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    Mayo Clinic Q and A: Brain aneurysms don’t always require treatment

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DEAR MAYO CLINIC: My father had a fall recently. After a CT of his head, he was diagnosed with a brain aneurysm. What is a brain aneurysm, and how is it treated? Am I at risk for a brain aneurysm?

ANSWER: A brain aneurysm is an outpouching of an artery in the brain that develops due to thinning of the blood vessel wall. A brain aneurysm that bursts, or ruptures, causes a serious medical emergency.

Studies indicate that 35,000–40,000 brain aneurysms rupture each year in the U.S. Based on population studies that suggest that up to 2% of people in the U.S. may have a brain aneurysm, approximately 1% of these patients experience a rupture each year.

However, many aneurysms do not rupture, and some unruptured aneurysms do not require treatment. Many people, like your father, find out about an aneurysm only after obtaining a brain scan for something else. It is common for health care professionals who treat brain aneurysms to see patients after an unrelated scan reveals an incidental aneurysm.

Cigarette smoking and high blood pressure can increase a person's risk for having a brain aneurysm. Genetics also likely contribute. People who have two or more members of their family with a history of a brain aneurysm have an increased risk of developing a brain aneurysm.

Most unruptured brain aneurysms don't cause symptoms. Rarely, an aneurysm will push on brain tissue or a nerve, causing pain, double vision, loss of vision, facial weakness or numbness, or unsteadiness. In patients with headaches and a brain aneurysm, these may or may not improve after treatment.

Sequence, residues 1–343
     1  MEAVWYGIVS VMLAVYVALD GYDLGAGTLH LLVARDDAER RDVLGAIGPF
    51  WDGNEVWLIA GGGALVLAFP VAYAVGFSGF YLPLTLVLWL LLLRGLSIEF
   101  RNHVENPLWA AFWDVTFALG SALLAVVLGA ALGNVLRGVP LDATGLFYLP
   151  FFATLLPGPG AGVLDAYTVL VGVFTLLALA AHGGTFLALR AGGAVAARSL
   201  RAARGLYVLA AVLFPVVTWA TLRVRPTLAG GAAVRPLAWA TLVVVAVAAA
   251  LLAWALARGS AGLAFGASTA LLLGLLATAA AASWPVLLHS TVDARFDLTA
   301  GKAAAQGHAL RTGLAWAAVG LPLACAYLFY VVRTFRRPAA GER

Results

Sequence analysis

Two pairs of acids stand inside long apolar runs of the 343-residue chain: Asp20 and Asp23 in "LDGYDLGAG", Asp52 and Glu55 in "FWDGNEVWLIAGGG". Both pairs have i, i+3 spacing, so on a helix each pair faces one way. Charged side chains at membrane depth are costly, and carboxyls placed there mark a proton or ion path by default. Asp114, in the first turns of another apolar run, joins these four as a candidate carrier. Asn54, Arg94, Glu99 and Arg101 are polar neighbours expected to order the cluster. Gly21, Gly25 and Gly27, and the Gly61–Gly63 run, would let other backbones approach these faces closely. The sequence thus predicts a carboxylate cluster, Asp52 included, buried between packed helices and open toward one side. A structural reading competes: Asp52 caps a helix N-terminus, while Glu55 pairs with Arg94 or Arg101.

Typically, an unruptured brain aneurysm is discovered on a CT or MRI brain scan that is performed for unrelated reasons. A specialized brain CT called a CT angiogram or a specialized brain MRI called a magnetic resonance angiogram can be used to look at the aneurysm in more detail. For some brain aneurysms, a minimally invasive procedure called a cerebral angiogram may be recommended to obtain views of the aneurysm and surrounding blood vessels in the highest resolution. These views guide treatment decisions.

When an unruptured aneurysm is found, the risk of the aneurysm rupturing without treatment should be weighed against the risks of treatment. This treatment decision is highly individualized and depends on patient factors and the specifics of the aneurysm.

A ruptured brain aneurysm leads to a serious type of stroke called subarachnoid hemorrhage, which involves bleeding over the surface and into deeper parts of the brain. These strokes can quickly become life-threatening if not treated promptly. The most common symptom of a ruptured brain aneurysm is a sudden-onset and severe headache, often described as "the worst headache of my life." This may or may not be associated with other neurologic symptoms, including reduced level of consciousness. A health care professional should promptly evaluate symptoms like these.